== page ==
Once a horse has been diagnosed with having arthritis, vets will often refer the patient to a physiotherapist.
“Physiotherapy can help in many ways,” says equine physiotherapist Amanda Sutton. “Stretching and suppling exercises can improve a horse’s flexibility.
“Arthritis can lead to muscle weakness as the body compensates for the pain in the arthritic joint. We can help this by stimulating the muscles through massage.
“There are also techniques to reduce pain and inflammation, such as magnetic therapy and cold packs,” she says.
There are exercises you can do yourself, but it’s wise to ask a physiotherapist to demonstrate how each one is carried out.
“To increase the mobility of the leg, try suppling exercises. These are different to stretching ones, as the aim is only to take the leg to a comfortable range.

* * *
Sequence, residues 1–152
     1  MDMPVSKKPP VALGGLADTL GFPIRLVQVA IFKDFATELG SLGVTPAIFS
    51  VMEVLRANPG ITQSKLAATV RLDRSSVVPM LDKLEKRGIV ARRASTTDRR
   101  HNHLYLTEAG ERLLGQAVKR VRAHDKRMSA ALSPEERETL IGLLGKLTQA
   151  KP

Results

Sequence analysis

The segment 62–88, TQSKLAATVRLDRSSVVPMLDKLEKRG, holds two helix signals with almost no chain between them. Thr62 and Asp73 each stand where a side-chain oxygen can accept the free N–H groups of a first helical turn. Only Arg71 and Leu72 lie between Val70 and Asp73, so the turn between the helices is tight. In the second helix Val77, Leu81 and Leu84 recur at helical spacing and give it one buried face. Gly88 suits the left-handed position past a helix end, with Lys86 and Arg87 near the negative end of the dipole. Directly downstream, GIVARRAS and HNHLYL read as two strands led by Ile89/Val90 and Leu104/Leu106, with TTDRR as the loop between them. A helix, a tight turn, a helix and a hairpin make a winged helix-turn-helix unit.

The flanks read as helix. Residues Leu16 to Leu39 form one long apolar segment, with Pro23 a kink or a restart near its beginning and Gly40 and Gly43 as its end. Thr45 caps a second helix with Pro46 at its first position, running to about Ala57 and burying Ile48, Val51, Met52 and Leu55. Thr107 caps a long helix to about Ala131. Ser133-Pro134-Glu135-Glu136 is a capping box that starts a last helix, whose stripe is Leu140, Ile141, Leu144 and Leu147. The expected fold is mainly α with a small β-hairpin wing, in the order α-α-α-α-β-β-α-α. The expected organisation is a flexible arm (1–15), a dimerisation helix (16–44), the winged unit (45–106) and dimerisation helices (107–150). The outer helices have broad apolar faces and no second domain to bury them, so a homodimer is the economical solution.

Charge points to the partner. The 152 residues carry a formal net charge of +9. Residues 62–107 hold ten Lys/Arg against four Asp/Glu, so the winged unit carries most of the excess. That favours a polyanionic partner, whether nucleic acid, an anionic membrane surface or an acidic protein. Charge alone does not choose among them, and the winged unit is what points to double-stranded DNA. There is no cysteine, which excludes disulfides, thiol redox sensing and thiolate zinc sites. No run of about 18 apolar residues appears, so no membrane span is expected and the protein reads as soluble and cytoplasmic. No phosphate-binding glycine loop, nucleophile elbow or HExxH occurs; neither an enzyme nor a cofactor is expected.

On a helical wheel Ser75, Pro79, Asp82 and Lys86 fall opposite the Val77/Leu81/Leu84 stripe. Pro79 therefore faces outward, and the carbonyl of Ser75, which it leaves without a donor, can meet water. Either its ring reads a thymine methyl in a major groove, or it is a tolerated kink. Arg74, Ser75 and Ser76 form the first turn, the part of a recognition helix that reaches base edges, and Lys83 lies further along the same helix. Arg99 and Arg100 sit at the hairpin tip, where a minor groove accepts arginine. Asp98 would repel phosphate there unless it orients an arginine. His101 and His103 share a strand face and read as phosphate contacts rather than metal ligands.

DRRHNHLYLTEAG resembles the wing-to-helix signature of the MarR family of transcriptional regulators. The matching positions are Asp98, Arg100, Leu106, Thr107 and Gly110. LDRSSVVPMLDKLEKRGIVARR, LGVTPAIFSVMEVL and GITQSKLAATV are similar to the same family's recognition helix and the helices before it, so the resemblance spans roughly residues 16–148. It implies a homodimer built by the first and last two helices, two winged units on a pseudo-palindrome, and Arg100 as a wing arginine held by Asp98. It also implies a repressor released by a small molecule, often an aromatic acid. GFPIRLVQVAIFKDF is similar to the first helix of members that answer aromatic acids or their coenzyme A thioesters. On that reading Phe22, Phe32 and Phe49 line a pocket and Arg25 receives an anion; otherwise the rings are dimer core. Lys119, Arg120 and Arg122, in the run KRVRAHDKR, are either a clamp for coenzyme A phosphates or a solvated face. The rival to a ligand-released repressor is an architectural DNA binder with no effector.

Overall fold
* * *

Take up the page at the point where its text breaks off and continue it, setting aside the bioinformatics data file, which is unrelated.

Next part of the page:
For instance, extend the leg forward to the end of its range and hold for about 15 seconds.
“You could also gently rotate the leg in circular movements. It is important to never stretch a tight, arthritic joint, especially if it is inflamed. The area is stiff for a reason and you could do more harm than good. “
“Massage can be carried out by the owner,” says Amanda. “For instance, it a horse has hock arthritis, he would benefit from massage around the hindquarters, where there may be extra strain on the muscles.”
For further information contact The Association of Chartered Physiotherapists in Animal Therapy (tel: 01926 863801)